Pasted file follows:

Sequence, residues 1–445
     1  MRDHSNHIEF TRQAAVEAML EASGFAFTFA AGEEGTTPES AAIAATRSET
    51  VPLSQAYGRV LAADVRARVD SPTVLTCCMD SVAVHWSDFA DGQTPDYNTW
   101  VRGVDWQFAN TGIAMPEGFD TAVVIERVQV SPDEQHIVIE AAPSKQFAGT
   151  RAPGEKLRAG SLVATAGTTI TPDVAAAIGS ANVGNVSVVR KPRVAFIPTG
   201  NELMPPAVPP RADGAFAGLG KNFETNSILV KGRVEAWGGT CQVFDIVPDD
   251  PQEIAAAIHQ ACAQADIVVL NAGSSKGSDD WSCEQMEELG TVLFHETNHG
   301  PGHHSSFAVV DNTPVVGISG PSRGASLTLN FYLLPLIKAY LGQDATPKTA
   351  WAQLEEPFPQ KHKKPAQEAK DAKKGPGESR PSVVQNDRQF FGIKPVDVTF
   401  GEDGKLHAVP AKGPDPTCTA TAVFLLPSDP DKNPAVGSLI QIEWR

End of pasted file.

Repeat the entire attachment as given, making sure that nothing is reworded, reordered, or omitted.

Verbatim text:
Sequence, residues 1–445
     1  MRDHSNHIEF TRQAAVEAML EASGFAFTFA AGEEGTTPES AAIAATRSET
    51  VPLSQAYGRV LAADVRARVD SPTVLTCCMD SVAVHWSDFA DGQTPDYNTW
   101  VRGVDWQFAN TGIAMPEGFD TAVVIERVQV SPDEQHIVIE AAPSKQFAGT
   151  RAPGEKLRAG SLVATAGTTI TPDVAAAIGS ANVGNVSVVR KPRVAFIPTG
   201  NELMPPAVPP RADGAFAGLG KNFETNSILV KGRVEAWGGT CQVFDIVPDD
   251  PQEIAAAIHQ ACAQADIVVL NAGSSKGSDD WSCEQMEELG TVLFHETNHG
   301  PGHHSSFAVV DNTPVVGISG PSRGASLTLN FYLLPLIKAY LGQDATPKTA
   351  WAQLEEPFPQ KHKKPAQEAK DAKKGPGESR PSVVQNDRQF FGIKPVDVTF
   401  GEDGKLHAVP AKGPDPTCTA TAVFLLPSDP DKNPAVGSLI QIEWR